Professor Nathan Tillett is a Hampton Roads native. Born in Norfolk, he attended Booker T. Washington high school. Growing up Professor Tillett has always been interested in art and animation, from drawing his favorite cartoon characters to creating stop motion animations with G.I. Joes and Lego’s he knew animation was for him. After high school, he was accepted into Regent University’s Animation Program as one of the first 12. After graduating in 2009, he went to work for a local government contracting company where he began designing training simulations for both military and non-military personnel. During this time Professor Tillett grew interest in the field of Visual Effects for TV & Film, he soon was accepted to The Academy of Art where he earned his MFA in Animation & Visual Effects. After graduation, he went to work for a local Production house where we worked as a visual effects artist on many music videos and independent films.
In 2014, Professor Tillett returned to Regent University where he began working for the Dean of the College of Arts and Sciences where he put his skills to use developing interactive learning modules for CAS and for Luxvera. A year later, Nathan moved over to the Center for Teaching and Learning. In 2016, he began teaching, as an Adjunct Instructor, teaching 3D character animation for the program. Now, Professor Tillett shares his skills and knowledge by teaching both 2D and 3D courses as well as Visual Effect workshops. He enjoys all forms of animation from old school to anime. From time to time you’ll find Professor Tillett engaged in gaming tournaments on campus with his fellow students. He currently lives in Chesapeake, VA with his wife Kimberly of 10 years and their two boys, Owen and Lennox, and their dog Becket.
Certificate of Recognition, EuroSciCon, 2018
AIGA, Adobe EdEx, Adobe Partners by Design
RESEARCH INTERESTS: VFX, AR, VR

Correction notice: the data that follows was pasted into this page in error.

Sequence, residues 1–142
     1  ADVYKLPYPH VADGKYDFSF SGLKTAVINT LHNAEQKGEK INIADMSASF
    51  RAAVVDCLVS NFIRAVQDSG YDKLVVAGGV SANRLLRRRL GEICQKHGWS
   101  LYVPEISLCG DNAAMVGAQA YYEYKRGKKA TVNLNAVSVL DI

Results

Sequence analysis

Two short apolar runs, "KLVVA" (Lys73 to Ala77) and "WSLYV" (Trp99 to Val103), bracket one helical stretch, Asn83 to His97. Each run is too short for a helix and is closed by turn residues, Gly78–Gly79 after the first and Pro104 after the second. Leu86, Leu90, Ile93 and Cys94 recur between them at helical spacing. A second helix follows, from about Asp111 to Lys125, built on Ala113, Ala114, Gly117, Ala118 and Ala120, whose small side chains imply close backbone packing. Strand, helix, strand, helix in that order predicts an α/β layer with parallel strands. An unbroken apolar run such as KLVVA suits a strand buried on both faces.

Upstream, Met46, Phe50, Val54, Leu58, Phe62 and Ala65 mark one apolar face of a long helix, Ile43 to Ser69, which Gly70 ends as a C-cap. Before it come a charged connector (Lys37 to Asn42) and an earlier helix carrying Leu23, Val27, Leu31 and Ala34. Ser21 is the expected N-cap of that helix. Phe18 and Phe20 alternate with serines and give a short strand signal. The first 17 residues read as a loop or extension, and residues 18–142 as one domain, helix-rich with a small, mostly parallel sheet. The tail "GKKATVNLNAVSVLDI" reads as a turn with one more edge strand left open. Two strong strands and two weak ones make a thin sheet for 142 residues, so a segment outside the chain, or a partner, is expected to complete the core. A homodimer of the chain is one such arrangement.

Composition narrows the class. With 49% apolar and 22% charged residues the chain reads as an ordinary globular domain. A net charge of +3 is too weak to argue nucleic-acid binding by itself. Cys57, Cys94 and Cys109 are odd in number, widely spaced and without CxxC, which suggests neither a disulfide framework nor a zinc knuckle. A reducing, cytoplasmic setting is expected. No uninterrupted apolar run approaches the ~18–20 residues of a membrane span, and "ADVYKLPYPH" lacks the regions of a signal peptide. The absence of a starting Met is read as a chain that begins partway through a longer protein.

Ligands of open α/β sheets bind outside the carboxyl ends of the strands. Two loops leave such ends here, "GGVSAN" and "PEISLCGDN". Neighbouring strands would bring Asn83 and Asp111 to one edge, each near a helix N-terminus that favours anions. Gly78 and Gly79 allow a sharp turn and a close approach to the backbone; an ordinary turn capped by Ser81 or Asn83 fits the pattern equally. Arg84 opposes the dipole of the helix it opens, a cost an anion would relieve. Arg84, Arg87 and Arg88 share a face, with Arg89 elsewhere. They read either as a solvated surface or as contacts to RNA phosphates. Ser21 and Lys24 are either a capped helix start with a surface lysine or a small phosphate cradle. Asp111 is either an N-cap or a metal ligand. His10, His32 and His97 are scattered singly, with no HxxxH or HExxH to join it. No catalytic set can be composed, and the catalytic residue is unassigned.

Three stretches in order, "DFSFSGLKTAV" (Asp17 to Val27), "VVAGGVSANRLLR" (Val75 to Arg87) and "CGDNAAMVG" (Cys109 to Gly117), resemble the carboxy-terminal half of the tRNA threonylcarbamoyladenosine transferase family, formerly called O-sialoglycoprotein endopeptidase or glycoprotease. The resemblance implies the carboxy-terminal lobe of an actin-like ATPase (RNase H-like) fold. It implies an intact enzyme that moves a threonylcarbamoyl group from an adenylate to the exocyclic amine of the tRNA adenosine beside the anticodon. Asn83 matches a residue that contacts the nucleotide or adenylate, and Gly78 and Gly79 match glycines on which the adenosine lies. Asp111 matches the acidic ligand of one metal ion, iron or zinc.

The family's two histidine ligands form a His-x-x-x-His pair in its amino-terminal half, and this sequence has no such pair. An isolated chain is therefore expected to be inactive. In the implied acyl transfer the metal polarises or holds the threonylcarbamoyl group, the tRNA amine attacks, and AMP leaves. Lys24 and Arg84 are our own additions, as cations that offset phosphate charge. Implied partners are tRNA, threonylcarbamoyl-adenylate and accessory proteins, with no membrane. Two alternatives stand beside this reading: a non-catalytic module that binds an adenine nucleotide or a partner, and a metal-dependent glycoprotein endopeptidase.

I am committed to providing a positive and productive work environment for my students. I stress the vital relationship between the “how,” the “what,” and the “why” leading students through the ideation process while simultaneously fostering their acquisition of skill and technique. I consider the classroom a community in which learning is co-created through interaction with content, process, peers, instructor and visiting artists. I strive to get to know each student as an individual and present opportunity for students to get to know and support each other. Group activities, peer mentorship, and guest speakers present opportunities for students to interact outside of a passive classroom environment, allowing them to build support systems and experience collaborative environments. Class critiques allow for valuable group interaction in which students learn how to articulate their ideas and form constructive criticism. By asking students questions during reviews, rather than giving them answers, I strive to allow students to think critically about their artwork and that of their peers. Throughout my courses, students are introduced to theory as it pertains to the content in which they are investigating, written responses and class discussion allow students to comprehend the broader context of animation in contemporary and historical culture, allowing them to view themselves as artists contributing to the same history. Through in-class assignments, research projects, reading and writing assignments, student presentations, visiting artist lectures and workshops, and group discussions, students begin to understand the more significant role of art and animation in our culture and to critically evaluate contemporary issues and concerns and develop their artistic vocabulary.